The wall and the roads are just examples of how things have changed for the worse since my trip 14 years ago. But soon enough it's like they've always been there, just like the plaza that ruined the Western Wall for me today, without needing to be present at a moment during which a Jewish army actively enforces which Jews can pray there as they please and which cannot.

Touching Two Walls
By Jim Anderson

Surrounded by chanting and bowing religious Jews near the ancient wall in the old city, I felt unsure of how free I was to approach in the midst of all this piety.  One of them came up to me, asked me to take a picture of him and friends against the wall - humans, aren’t we all, wanting to remember a special place.  I approached and touched the wall, thought of the long, in some ways failing, history this wall represented, and its buried but persevering hope.  

Later in the day, we walked to another, larger wall, separating two peoples in this time and place, scratched with graffiti, whose sentiments, even if some were moving, added to the frustration and obstructed hope of us all.  I touched it too, smoother, just as impenetrable, symbol of another failure in our efforts to live our human community.

There’s a third wall - I feel it inside - the sense that nothing can be done, the problem is too big.  All of us here felt the shape and thickness of that wall and shared its challenge in our evening debriefing.  But for me our presenter Jeff Halper undermined it today - partly in his tenacious continuing commitment and effort over these many years leading the Israeli Committee Against House Demolitions, but also in the simple act of stepping in to the shop as we visited the separation wall - a shop now little frequented because the wall has obstructed the flow of traffic - and buying a coke.  He said something like “I frequent this shop whenever I come here.  It hardly gets business now that the wall has cut it off.”  

There is a connection between his housing demolition work and his coke purchase, something that holds them together.  It feels like a crack in the wall.


Who Meets Movie Stars in East Jerusalem?
By Jeff Cohen

After watching a powerful movie, it's rare that one gets a chance to meet the "stars" of the movie and sit down with them for lengthy discussion.  The gripping movie is called, "My Neighborhood" - and the stars our delegation sat down with on Tuesday were two women who have lived through the ongoing nightmare of having been evicted from half of their house in the middle-class Sheikh Jarrah neighborhood in East Jerusalem.  They suffered this partial eviction at the hands of zealous and aggressive Jewish settlers who have harassed them ever since.  You can watch the 25-minute documentary here: www.justvision.org/myneighbourhood/watch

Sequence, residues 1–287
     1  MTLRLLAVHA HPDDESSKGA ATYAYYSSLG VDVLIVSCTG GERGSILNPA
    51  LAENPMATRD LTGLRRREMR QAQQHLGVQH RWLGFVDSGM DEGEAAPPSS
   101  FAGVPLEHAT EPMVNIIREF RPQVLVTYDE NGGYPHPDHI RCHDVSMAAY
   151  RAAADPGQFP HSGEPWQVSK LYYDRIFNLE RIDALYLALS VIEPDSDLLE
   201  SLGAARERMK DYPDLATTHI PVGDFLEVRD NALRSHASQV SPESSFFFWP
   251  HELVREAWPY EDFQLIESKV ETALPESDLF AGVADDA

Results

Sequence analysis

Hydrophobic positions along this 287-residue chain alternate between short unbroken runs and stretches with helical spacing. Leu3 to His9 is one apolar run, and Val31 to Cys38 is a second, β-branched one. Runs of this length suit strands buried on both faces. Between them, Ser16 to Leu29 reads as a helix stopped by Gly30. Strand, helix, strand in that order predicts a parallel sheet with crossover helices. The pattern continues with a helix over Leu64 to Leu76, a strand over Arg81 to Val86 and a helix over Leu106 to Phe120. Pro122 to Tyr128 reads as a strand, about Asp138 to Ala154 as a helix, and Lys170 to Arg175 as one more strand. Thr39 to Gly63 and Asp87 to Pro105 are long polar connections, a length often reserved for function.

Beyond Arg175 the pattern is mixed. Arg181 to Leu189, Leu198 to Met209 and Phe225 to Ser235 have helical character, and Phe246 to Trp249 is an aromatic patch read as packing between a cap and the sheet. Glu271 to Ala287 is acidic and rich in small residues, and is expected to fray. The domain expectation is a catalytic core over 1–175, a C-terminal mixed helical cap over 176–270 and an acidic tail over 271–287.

The two brave women we met on Tuesday were middle-aged mom Maysa al-Kurd and her 94-year-old mother, who'd lived in the house since 1956.  Maysa al-Kurd grew up there.  As we walked to the back part of the house that the al-Kurd family still lives in, I caught a glimpse of the settlers now occupying the front of the house, where an Israeli flag adorns the window.

This Palestinian family had been living in Haifa at the time of the 1948 war, and had to flee. They moved into the Sheik Jarrah house in 1956, when East Jerusalem was under Jordanian authority.  Now settlers are using intimidation in hopes of forcing them to flee again.  

Other Palestinian families - with dozens of family members - have been forced out of their homes in the Sheik Jarrah neighborhood, sometimes protesting their removal by living in tents near the homes they'd been evicted from for weeks at a time.  

When longtime residents have nonviolently protested in efforts to stay in their homes, they've been subjected to arrests, fines and worse.

With the help of neighbors, as well as Israeli and international activists, the al-Kurd family has been fighting for years to be able to live in peace and dignity in what's left of their residence. That's not easy with the settlers as "neighbors from hell" inhabiting the front of their house.

If you watch the movie, you'll see a story that is both depressing and inspiring.  It's uplifting to see progressive Israelis rallying week after week on behalf of these Palestinians and their homes.  Also uplifting is family-member Mohammed "Hammed" al-Kurd, in the 7th grade at the time of the filming, who announces in the movie that he wants to be a lawyer or journalist battling for human rights when he grows up.  We saw him briefly during our meeting; we were told he's thriving at school (we were shown two of his paintings) and that he still intends to be a human rights lawyer or journalist.